Food and Drug Allergic Reactions

Allergies and adverse reactions to food and medications are common, and people can have a wide variety  of allergic symptoms.

These reactions occur when your immune system overreacts to a food or a substance in a food or drug, identifying it as a danger and triggering a protective response.

Symptoms can range from mild to severe. Just because an initial reaction causes few problems doesn’t mean that all reactions will be similar; mild symptoms on one occasion may cause more severe symptoms at another time.

The most severe allergic reaction is anaphylaxis — a life-threatening whole-body allergic reaction that can impair your breathing, cause a dramatic drop in your blood pressure and affect your heart rate. Anaphylaxis can come on within minutes of exposure to the trigger food. It can be fatal and must be treated promptly with an injection of epinephrine (adrenaline).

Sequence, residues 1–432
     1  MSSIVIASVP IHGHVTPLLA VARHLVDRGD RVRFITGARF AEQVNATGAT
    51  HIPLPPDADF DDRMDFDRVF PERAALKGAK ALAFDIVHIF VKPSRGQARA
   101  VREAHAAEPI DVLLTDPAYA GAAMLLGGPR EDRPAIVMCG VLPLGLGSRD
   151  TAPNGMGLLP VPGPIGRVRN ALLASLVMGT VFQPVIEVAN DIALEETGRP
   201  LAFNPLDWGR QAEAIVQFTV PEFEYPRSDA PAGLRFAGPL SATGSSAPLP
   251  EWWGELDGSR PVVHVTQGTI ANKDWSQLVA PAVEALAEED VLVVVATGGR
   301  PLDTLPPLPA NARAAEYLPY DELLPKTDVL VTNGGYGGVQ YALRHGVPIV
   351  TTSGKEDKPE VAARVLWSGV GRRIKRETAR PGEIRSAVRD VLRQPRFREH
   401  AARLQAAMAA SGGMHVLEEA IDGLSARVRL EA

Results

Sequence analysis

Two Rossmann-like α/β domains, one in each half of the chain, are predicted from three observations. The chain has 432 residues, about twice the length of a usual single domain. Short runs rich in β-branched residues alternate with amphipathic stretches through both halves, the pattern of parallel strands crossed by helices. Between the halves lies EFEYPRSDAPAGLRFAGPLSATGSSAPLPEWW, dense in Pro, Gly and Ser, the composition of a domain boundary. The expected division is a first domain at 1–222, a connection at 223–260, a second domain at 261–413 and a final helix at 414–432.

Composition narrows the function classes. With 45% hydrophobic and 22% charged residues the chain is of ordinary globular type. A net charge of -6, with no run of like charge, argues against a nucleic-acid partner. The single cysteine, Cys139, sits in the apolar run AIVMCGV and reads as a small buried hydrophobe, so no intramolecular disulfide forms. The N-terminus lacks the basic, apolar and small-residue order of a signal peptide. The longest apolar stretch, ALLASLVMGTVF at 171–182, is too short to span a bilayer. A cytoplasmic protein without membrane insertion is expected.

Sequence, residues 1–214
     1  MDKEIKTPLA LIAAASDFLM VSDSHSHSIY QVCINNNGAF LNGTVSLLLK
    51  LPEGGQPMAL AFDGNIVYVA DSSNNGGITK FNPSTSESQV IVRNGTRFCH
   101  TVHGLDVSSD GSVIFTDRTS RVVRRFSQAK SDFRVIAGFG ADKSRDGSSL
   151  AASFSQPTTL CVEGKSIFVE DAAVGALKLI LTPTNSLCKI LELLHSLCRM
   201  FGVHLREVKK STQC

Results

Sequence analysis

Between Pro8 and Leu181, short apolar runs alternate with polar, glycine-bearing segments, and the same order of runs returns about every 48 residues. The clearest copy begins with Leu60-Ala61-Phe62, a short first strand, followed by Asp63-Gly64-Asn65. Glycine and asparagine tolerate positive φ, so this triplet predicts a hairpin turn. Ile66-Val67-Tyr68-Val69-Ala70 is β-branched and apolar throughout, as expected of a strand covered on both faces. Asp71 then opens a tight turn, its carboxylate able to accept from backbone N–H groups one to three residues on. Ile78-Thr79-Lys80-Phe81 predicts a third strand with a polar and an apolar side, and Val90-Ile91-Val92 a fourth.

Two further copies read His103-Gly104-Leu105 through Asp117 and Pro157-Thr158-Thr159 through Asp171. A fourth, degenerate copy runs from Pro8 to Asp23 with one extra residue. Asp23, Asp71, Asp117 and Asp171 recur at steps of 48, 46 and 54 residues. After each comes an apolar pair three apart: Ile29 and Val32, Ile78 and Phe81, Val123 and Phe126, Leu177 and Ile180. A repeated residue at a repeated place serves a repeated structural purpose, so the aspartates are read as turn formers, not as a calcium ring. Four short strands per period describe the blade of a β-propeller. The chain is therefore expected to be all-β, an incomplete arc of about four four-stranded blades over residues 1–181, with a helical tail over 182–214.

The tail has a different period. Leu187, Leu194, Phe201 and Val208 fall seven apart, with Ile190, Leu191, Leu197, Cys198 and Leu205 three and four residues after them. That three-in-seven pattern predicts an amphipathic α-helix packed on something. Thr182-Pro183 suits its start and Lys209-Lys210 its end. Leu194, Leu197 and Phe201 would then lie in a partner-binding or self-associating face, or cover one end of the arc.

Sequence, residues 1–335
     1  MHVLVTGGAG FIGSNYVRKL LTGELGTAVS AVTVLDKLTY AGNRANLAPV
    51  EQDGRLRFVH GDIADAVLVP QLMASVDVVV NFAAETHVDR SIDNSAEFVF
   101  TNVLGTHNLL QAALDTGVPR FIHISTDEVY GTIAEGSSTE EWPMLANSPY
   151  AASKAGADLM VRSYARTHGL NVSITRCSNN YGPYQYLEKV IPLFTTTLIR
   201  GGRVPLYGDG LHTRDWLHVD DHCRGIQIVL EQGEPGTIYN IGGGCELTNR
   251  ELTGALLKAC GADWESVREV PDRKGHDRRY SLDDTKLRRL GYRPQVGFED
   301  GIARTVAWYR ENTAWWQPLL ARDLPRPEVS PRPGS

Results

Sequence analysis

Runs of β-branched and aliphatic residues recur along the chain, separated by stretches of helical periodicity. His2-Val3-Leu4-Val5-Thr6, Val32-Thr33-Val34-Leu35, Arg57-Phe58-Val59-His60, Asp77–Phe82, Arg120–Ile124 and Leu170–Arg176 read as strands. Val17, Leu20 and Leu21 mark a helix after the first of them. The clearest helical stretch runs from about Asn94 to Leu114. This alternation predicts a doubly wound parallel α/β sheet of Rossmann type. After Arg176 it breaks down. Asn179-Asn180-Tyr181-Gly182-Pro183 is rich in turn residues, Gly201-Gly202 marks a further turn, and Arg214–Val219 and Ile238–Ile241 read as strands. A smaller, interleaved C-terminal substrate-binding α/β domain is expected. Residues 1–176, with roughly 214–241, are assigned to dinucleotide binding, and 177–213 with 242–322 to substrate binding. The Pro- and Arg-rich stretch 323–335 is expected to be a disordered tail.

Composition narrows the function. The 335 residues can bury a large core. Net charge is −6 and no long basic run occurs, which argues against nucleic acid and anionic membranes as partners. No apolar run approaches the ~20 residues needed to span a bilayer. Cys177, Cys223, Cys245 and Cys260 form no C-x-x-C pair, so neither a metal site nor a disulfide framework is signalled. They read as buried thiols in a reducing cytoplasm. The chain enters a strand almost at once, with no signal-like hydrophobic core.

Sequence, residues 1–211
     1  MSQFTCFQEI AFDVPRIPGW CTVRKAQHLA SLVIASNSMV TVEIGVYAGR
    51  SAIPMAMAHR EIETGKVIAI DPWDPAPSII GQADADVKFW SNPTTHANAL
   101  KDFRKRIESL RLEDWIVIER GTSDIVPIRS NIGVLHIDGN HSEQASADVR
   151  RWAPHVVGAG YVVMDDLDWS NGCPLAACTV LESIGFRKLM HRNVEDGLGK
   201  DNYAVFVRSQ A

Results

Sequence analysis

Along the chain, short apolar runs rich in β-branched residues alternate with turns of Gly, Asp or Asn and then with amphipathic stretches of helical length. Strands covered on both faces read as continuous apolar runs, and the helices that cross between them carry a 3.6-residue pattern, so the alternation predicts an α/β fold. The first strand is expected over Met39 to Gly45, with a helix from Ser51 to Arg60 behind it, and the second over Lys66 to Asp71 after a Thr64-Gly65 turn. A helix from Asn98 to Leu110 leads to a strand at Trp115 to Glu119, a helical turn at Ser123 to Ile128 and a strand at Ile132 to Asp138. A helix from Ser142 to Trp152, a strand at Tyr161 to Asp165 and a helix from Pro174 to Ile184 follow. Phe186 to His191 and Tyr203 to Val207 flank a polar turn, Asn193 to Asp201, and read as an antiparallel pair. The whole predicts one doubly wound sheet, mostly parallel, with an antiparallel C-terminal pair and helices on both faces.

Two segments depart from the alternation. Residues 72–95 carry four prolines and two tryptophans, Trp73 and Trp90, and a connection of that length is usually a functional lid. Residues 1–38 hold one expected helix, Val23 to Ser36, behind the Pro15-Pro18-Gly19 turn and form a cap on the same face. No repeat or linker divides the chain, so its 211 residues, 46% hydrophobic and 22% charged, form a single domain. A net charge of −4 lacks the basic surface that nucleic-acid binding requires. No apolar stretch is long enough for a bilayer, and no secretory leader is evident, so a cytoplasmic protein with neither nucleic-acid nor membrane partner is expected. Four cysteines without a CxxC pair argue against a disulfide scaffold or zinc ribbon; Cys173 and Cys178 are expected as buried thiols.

Most symptoms occur within two hours of ingestion; often they start within minutes. In some very rare cases, the reaction may be delayed by four to six hours or even longer. Delayed reactions are most typically seen in children who develop eczema as a symptom of food allergy and in people with a rare allergy to red meat caused by the bite of a lone star tick.

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